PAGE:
“How did you come up with that amount for my (or my client’s) claim?” I was thinking of that question while taking the deposition of an Allstate corporate representative in an Indiana claims practice case, and how an insurance adjuster should honestly answer it. It is the same question millions of other policyholders, public adjusters, and attorneys ask insurance company representatives every day.
Could you imagine what would happen if a wife asked her husband, “Honey, where were you,” and one of two answers were given:
- “I am not going to tell you where I was because there is no law or regulation that says I have to tell you.”
- “I stopped by the Alibi Lounge to have a drink with the guys.” Which may have been true, but only after also seeing “my girlfriend” for an hour outside the lounge.
You can imagine the response. Do insurance company managers understand how their policyholder customers feel with an analogous answer? Yet, it is commonplace.
Even when corporate and commercial policyholders ask if the property insurance adjuster or the insurance counsel can provide drafts of reports or whether they are editing drafts of an alleged expert engineer, the questions are unanswered. Many insurers refuse to answer claiming such information is “work product.” Many send the “last” draft which is allegedly the most accurate. It is amazing how often the last draft lowers claims payments.
There are claims managers that mandate full transparency of issues and questions. One State Farm senior claims manager even said that his company has an obligation to provide all drafts to policyholders. This type of transparency in the claims process should be applauded, even if it eventually ends up in a dispute. Honest and good faith differences of opinion can occur. Why not be honest about those?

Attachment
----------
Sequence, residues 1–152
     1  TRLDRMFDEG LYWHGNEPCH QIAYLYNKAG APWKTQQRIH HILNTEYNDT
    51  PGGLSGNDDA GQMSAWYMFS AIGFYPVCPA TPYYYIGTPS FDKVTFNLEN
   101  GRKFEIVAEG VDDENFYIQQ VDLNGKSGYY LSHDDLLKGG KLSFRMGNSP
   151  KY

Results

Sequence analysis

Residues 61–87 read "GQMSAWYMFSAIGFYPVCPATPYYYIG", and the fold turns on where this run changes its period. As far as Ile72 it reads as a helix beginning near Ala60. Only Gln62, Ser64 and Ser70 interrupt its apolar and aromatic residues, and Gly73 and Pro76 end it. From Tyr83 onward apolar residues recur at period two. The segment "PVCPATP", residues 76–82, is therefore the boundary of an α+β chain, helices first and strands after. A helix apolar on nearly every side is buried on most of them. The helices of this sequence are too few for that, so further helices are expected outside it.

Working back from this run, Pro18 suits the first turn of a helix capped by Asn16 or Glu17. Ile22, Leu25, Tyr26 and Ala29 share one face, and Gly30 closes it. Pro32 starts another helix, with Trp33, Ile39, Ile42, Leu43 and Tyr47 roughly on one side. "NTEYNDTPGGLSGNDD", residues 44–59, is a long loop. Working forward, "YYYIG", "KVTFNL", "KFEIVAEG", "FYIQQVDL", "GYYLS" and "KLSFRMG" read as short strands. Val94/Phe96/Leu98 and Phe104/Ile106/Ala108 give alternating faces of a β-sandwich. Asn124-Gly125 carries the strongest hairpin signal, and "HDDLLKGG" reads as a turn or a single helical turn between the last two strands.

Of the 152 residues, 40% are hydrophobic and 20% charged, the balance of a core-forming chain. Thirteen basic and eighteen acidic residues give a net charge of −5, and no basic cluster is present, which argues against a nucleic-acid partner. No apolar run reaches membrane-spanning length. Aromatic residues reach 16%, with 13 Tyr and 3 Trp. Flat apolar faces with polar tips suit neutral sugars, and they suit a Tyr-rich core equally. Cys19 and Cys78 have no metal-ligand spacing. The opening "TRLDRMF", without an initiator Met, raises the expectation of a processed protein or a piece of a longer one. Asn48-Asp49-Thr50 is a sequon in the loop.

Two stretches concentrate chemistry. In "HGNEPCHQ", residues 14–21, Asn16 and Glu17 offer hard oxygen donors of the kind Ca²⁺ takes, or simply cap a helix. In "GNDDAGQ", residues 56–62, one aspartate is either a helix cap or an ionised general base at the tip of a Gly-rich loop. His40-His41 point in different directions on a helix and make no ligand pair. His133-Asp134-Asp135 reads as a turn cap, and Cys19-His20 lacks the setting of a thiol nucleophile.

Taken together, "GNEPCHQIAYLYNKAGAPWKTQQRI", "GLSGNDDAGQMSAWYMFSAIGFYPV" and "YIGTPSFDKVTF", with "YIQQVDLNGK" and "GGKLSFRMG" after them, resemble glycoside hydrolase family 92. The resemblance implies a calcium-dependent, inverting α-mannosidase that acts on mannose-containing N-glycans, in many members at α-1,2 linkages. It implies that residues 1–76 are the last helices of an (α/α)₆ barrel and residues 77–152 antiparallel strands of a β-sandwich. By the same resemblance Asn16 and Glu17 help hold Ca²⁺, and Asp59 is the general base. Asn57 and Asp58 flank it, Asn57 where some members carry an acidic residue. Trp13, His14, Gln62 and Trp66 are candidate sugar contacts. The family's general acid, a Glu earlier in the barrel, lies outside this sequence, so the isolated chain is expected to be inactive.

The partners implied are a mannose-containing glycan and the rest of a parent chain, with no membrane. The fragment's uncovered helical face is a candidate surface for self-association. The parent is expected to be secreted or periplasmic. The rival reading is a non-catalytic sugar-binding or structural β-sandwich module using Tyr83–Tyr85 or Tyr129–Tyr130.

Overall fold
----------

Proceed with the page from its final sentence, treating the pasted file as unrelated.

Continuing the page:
Even in Great Britain, I notice that policyholders perceive that the claims process is “gamed” against policyholders. While trying to put myself to sleep last night, I read a book from the Oxford University Press, “Policies and Perceptions of Insurance Law in the Twenty-First Century,” M. Clarke (Oxford Univ. Press 2007), that verified people in England have the same perceptions regarding an insurer’s honest reasons for claims decisions:
“First, it has been doubted whether adjusters come to claims with an open mind. Secondly, why, when the adjuster’s investigation is complete, is the report drawn up by the ‘independent’ adjuster available to the insurer but not to the claimant? The answer is that, in reality and in law, adjusters are the agents of the insurer. The perception of many claimants, who view adjusters with resentment and distrust, is that adjusters are brought in only to beat the claim down.”
I can imagine that my policyholder friends in Texas, Mississippi, and Florida can take some refuge in the fact that other legal systems, even one much older than ours, are battling the same problems.